Apartment Hunting


“Describe your ideal apartment,” Jeremy said one night last week. I was typing on my computer, awash in the sickly yellow glow of our current apartment’s halogen lights, sitting a few feet away from where paint from the ceiling flaked down in consistent mini storms, like dandruff on a businessman’s shoulder- our own life size snow globe. 

For the last few weeks, our frustrations with our apartment had come to a peak and we’d been starting to take the idea of moving out a little more seriously with the same mixture of desperation and hope that the turtles in my school’s office have when they claw at the sides of their tank. I looked around, feeling irritated, thinking that anything would be a step up.

“Well… natural light,” I started, thinking of the constant cavernous darkness in our place, equally dark at 1pm as 1am,  making it necessary to constantly have the lights on.
“More room,” I added, “And, if we’re really talking about my ideal, it would be nice to have a balcony…. and an exposed brick wall…” Jeremy raised an eyebrow at how specific that detail was. “Well, you asked for my ideal,” I said, knowing that I would simply be satisfied with just natural light.

For the whole length of time that we have been in our apartment here in Istanbul, it has been plagued with problems that continue to get worse. It was time to make a move. On a whim one day last week, I started searching craigslist.com Turkey and sent out a platoon of emails to any apartments that were furnished, were close to the city center, and within our dual housing stipend budget.

We made an appointment to see one apartment on Friday near Taksim. Waiting on Istiklal for the man from the agency to show up, I was filled with the excitement and possibility of the new. When he finally came, we walked a few minutes to a neighborhood called Kasımpaşa, near the British Consulate. Some friends of ours live in the same area and I recognized the streets from having visited them. The outside wasn’t as manicured as our current little island on a hill (in fact the streets were a little dirty), but there were tons of little markets, vines creating a canopy between buildings, and people out and about. We walked up the spiral stairs to the second floor and came nose to nose with the kids next door- a boy and his older sister. They were very amused at our being there and our apparent strangeness. They stood and grinned wide grins and came in close. If there had been a pane of glass between us, they would have definitely scrunched the tips of their noses and fogged up the glass, trying to get a closer look. There we were- foreign oddballs. We exchanged a few Turkish words with them, while the agent fumbled around for the keys and they scurried downstairs.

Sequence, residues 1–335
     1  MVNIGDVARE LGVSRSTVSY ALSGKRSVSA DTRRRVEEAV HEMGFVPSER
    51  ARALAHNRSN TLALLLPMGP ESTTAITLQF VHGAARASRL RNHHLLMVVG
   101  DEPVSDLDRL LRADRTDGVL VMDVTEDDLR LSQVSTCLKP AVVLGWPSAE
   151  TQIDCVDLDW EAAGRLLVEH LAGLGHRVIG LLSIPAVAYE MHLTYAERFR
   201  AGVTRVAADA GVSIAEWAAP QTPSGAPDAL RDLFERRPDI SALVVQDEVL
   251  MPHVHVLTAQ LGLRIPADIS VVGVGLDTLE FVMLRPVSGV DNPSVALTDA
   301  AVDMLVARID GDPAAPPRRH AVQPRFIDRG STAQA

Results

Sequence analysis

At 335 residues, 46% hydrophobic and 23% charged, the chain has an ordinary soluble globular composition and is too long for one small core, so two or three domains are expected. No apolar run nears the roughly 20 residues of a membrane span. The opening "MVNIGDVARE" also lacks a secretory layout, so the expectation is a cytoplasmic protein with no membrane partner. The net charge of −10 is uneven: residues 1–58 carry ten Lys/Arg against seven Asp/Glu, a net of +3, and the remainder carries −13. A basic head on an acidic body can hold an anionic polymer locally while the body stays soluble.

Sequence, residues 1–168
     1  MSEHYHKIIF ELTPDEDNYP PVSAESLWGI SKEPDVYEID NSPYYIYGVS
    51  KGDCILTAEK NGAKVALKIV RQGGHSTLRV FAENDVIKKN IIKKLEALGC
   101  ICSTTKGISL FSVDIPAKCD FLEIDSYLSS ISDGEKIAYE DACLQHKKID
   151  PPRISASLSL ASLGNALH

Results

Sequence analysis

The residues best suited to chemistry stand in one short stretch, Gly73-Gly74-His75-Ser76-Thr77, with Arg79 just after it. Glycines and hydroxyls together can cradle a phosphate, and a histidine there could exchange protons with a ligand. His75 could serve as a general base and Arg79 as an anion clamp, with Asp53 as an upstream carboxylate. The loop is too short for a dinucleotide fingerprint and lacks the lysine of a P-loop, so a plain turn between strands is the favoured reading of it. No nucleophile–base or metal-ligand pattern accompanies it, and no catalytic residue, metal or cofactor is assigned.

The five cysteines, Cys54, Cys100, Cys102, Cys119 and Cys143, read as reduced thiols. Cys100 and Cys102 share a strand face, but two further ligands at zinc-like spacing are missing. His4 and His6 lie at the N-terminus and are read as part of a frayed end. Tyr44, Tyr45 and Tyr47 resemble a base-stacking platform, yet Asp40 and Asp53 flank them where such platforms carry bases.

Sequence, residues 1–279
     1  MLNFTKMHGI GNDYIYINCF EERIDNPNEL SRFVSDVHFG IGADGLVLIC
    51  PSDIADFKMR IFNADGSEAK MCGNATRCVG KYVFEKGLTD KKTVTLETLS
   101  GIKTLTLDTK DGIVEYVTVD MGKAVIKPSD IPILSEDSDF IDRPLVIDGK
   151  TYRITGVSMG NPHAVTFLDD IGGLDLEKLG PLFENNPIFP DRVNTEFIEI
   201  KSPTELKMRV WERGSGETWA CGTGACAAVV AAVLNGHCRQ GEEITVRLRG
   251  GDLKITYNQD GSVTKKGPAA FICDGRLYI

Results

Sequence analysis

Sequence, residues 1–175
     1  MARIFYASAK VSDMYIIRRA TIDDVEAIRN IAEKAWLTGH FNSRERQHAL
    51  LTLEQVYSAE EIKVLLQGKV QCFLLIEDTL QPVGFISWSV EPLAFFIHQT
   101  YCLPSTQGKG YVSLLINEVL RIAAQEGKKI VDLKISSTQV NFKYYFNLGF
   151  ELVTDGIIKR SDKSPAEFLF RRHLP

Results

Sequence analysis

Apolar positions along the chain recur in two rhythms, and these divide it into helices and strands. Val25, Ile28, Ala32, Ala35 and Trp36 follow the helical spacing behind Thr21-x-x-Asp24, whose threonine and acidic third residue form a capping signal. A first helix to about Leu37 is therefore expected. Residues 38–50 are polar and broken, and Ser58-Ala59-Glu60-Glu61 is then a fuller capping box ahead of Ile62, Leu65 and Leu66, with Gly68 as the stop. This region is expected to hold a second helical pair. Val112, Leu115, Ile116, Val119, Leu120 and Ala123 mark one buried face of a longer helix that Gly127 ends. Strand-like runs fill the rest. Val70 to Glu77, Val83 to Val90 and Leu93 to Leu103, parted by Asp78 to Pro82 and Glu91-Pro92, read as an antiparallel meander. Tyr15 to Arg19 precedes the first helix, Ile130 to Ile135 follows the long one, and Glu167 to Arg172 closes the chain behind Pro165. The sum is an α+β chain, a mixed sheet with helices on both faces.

He opened the door and let us through and down at the end of the entrance hallway, there it was: an exposed brick wall! My heart did a little jig, but I kept a poker face. I walked further into the apartment and felt a little lighter, seeing its many windows and knowing that since it was on the second floor, this meant we would be getting natural light. I looked left, where the living room opened up to a small room, which opened up to a small balcony! Although I was trying not to get ahead of myself, I could already picture having Sunday morning coffee, cradled by the plants we would put there.

It only got better. There were 3 rooms total, aside from the living room and kitchen, which meant that we could have guests stay with us in the future. One room could also be a studio/office space. I imagined putting in a little workbench for jewelry and also possibly having room to paint. How wonderful to have all this space!

I kept on trying to catch Jeremy’s eye to communicate just how awesome I thought the place was. I did by making freakish googly eyes at him. I think he got the message… and anyways, he was feeling the same. The apartment was still being remodeled and they told us that it would be ready in a week. Jeremy talked to the landlord on the phone, who even said we could get our pick of furniture within a budget.

Today we put down a small deposit on the place and decided to take the leap. We haven’t received word about getting my housing budget, but I’m confident that it will come together. In the meantime, having an exit strategy makes the paint flakes and the mold in our current place a little more tolerable. 





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